Gov. Phil Murphy hopes to jump start the state’s economy by encouraging tech startups and expanding educational opportunities in science, technology, engineering and math. Unlike other aspects of the state economy, where the governor hopes to encourage job creation, Murphy says the innovation economy jobs are already here.
“In 2015, which is the last year that we have data along these lines, code.org reported that even though New Jersey had nearly 23,000 open jobs in computer science, we barely produced 1,100 homegrown computer science graduates to fill them,” said Murphy. “So that’s about a 21 to 1 margin of openings versus what we’ve produced.”
Murphy says across the state only one in four high schools offers Advanced Placement computer science courses. No wonder, he says, tech and science companies have looked elsewhere to put down roots.
“Number one, I’m inviting New Jersey’s public schools to apply for new grants that will allow them to start advanced computer science offerings so more students can have access to the college credits and industry credentials that the students here at Steinert do,” he said. “In addition, I’m announcing that the current Office of Educational Technology within the Department of Education will be reconstituted as the Office of Science, Technology, Engineering and Mathematics.”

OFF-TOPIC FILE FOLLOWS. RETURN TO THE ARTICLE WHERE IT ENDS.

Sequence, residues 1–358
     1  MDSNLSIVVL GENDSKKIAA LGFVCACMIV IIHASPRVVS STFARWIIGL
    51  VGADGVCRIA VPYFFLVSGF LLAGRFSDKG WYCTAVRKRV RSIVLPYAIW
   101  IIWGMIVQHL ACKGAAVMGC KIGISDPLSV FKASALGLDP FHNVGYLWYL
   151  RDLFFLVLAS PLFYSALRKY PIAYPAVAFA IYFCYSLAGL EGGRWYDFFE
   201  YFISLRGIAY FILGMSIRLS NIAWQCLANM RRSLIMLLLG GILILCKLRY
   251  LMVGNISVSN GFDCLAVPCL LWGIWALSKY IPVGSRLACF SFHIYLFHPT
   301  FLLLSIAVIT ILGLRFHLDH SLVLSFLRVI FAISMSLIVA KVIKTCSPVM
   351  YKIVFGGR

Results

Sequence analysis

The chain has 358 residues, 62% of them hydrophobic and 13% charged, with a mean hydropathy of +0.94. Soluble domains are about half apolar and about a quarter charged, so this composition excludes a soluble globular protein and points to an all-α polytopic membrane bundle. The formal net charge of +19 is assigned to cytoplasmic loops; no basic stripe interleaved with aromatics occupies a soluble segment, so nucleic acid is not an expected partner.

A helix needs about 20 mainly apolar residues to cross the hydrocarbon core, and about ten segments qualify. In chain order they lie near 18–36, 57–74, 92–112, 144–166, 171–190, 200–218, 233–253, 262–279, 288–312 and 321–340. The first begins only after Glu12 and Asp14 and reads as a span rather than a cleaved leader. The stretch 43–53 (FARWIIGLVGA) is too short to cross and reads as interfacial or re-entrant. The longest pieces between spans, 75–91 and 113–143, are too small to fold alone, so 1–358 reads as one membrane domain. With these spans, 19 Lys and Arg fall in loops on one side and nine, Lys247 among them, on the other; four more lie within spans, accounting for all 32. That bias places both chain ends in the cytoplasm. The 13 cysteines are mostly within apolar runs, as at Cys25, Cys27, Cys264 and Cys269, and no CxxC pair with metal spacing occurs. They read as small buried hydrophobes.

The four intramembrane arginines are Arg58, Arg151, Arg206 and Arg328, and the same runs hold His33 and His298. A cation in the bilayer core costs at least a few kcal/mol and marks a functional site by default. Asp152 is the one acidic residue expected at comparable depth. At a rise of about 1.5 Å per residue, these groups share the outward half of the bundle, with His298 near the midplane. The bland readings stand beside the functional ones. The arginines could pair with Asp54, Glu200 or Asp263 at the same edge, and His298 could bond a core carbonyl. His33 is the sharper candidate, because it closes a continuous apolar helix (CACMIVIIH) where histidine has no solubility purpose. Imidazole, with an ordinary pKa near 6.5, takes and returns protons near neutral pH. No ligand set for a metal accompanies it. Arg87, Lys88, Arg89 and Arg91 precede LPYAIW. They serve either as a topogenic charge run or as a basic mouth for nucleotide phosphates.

All good moves, if you ask the kids and teachers at Hamilton Township’s Steinert High School. But with a budget of only $2 million and slots for only 45 schools, even a reporter with limited math skills can see that’s only about $45,000 for each school.
“I think what we always think is that in the future, we can do more. This is a start, and it will focus on certain districts that really can benefit. Steinert already is one of the leaders in this, but other districts really need help too,” Sen. Linda Greenstein said.
Steinert’s award-winning robotics team is a good example of students taking advantage of a strong STEM curriculum. Senior Nikhil Kolachalama leads the club.
“The budget from year to year for our team goes upward of $25,000,” he noted, “so to have a program like this from the governor himself is very liberating for us.”
“The fact that we need women to enter this field is so important because we provide just as much as men do. And it’s just crucial to show that women can have a huge impact with this field and it’s just a huge breakthrough that needs to happen,” added robotics team member and senior Caitlyn Wahlberg.
The individual grants max out at $100,000 and the deadline for districts to apply is Oct. 25.